Emmeline Pankhurst, the founder was arrested many times, went on hunger strikes and led many violent protests. Emily Davison, another Suffragette went as far as to throw herself in front of the King's horse and she died. Gerald is Sheila Birling's fianc� and is a very laid back and posh chap. He wants to be at ease with the Birlings but when the Inspector shows up he says "perhaps I shouldn't be here". This shows us that he's the type of man who will not stick around to help anyone in their troubles but will run away as quickly as possible. Priestley gives the audience clues about the fact that his and Sheila's relationship is not going so well. Gerald says "I insist upon being one of the family now. I've been trying long enough, haven't I?" As Sheila does not reply, with more insistence "Haven't I? You know I have." Sheila does not say anything at first then she states "Yes - except for all last summer, when you never came near me, and I wondered what had happened to you." The audience wonder what he was doing throughout that time, and it's a big clue about his involvement with Eva Smith or at least someone else. Mrs Birling is very snobbish and haughty. Eva Smith came pregnant and helpless to her charity organisation as 'Mrs Birling' claiming that her husband had deserted her. Mrs Birling found this very impudent and was prejudiced against her (which she had no problem admitting). Eva finally admitted the truth; that the father of her child was a drunken youngster who had stolen money to help her, and she didn't want stolen money anymore. Mrs Birling, in her arrogant manner says "As if a girl of that sort would ever refuse money." She makes assumption about Eva based only her class. It's as if she thinks that people from a lower class than her don't have morals and virtues. ...read more.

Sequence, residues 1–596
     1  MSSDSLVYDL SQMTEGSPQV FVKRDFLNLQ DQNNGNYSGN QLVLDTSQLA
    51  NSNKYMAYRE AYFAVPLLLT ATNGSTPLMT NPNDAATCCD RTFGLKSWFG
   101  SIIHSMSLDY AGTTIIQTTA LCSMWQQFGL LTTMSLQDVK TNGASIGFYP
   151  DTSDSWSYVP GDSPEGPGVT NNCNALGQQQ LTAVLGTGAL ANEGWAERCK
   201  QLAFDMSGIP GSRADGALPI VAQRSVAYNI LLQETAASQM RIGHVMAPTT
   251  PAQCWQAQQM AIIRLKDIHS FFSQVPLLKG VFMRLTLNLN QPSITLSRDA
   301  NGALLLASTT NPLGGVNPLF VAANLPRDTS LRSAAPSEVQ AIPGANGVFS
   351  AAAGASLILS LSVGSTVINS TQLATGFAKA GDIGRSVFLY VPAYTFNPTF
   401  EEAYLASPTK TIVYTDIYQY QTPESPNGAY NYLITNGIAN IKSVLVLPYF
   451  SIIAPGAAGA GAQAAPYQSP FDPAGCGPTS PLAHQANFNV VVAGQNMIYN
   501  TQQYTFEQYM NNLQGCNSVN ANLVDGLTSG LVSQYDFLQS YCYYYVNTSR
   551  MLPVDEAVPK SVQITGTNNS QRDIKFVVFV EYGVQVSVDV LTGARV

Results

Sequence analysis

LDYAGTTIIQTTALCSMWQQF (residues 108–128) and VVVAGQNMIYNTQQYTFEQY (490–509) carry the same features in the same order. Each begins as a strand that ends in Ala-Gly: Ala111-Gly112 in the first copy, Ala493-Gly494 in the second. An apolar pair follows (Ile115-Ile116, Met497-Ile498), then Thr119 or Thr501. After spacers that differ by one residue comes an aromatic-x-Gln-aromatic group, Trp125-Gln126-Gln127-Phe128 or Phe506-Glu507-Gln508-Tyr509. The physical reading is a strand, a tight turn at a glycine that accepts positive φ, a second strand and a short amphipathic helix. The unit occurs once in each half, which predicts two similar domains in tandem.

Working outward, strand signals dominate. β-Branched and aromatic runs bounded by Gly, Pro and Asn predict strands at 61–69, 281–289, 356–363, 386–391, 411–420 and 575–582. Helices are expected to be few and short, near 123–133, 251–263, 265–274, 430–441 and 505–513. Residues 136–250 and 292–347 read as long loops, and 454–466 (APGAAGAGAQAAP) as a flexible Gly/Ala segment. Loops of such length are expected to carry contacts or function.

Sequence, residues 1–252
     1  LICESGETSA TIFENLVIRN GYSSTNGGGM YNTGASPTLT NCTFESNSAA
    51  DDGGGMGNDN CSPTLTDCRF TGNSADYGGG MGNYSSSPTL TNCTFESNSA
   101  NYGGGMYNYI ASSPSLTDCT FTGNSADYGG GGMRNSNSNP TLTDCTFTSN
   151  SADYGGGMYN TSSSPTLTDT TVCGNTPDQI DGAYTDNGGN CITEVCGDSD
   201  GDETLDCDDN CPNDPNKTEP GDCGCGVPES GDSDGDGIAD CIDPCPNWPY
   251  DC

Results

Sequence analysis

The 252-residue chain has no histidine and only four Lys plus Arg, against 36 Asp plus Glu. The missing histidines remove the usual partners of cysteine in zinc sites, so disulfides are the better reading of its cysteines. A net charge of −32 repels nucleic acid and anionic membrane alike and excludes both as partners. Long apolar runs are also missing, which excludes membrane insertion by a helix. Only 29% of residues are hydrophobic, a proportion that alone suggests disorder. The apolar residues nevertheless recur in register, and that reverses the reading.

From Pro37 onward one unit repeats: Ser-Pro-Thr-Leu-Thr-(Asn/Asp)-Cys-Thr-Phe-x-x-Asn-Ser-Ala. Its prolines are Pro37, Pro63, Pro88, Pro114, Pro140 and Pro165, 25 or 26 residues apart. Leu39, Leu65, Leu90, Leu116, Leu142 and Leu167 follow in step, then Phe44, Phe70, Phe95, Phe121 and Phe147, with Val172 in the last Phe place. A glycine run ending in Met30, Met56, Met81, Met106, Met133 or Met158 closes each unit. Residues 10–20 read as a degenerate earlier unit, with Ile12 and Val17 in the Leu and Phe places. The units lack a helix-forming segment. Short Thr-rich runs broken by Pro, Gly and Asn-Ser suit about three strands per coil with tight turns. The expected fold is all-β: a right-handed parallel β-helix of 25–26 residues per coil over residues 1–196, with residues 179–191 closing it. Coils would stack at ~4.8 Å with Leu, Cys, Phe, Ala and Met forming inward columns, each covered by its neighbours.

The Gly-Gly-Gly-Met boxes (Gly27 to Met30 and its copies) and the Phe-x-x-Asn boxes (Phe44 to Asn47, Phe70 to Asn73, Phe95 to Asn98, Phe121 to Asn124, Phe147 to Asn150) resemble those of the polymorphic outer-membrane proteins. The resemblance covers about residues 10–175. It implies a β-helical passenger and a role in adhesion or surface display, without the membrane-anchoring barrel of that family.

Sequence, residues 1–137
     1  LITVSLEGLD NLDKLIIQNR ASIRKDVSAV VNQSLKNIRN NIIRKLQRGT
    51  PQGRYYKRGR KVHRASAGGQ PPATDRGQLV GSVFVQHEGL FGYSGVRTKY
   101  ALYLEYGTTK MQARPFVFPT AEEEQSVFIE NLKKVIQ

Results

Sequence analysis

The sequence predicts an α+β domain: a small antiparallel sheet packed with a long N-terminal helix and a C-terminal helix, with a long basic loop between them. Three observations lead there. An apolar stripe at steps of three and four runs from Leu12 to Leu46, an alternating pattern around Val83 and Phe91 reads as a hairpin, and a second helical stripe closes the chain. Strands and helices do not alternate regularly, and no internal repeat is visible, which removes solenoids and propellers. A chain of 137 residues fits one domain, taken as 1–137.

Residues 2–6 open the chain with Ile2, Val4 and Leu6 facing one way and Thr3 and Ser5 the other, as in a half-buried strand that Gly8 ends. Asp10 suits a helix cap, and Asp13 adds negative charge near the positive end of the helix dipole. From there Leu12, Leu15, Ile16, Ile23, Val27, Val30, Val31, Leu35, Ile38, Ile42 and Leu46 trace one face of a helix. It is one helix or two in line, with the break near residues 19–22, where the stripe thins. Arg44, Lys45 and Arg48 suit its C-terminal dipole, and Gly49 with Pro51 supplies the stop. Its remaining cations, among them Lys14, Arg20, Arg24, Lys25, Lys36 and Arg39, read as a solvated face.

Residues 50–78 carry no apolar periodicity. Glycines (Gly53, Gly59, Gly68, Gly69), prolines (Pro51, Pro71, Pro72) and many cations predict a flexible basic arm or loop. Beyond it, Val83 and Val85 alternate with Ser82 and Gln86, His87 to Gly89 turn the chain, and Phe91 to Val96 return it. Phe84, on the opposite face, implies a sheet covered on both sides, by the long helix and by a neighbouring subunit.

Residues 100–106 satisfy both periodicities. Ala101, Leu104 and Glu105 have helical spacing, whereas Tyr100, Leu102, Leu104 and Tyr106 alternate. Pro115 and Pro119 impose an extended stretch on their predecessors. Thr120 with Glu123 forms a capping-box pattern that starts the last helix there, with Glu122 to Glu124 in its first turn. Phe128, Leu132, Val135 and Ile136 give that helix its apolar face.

Is Priestley saying that the wars happened because of their inability to care for one another? Gerald returns bringing the news that the Inspector was a fake letting the audience and most of the characters to breathe a sigh of relief. The tension slips away from them, and they start to relax. But before they can properly celebrate the phone rings informing them that a girl had just been permitted into the infirmary who had committed suicide by drinking disinfectant and that an Inspector would be arriving shortly to question them. This is the last thing the audience are expecting and the fact that the curtains go down as the end of the play leaves them baffled. Who was the Inspector? Was the experience the Birling had even real? Was he some sort of angel, or a dream? There are many loose ends in as he audience leave and this is what Priestley was aiming for. He wanted the audience to think about things, and not have everything clearly stated. Priestley wrote the play because he wanted to make certain that life after the war was better for everybody than before and he hoped that through his writing he could influence people and change society. He believed that we should all help each other as we are all part of the same community. He wanted his audience to feel the need to sympathise and care for each other and take responsibility for their actions. He used the Inspector to indicate the conscience of the nation and through him challenges each of the characters that represent a part of society. The Inspector says "We often seem to make the greatest impression on the young ones." He shows that change is more likely to come through the young (Sheila and Eric) rather than through the older generation (Mr and Mrs Birling) or the upper classes (Gerald). The play is still widely watched and appreciated because everyone can still understand the message he was trying to get across and this is why the play is still very effective. ?? ?? ?? ?? 1 ...read more.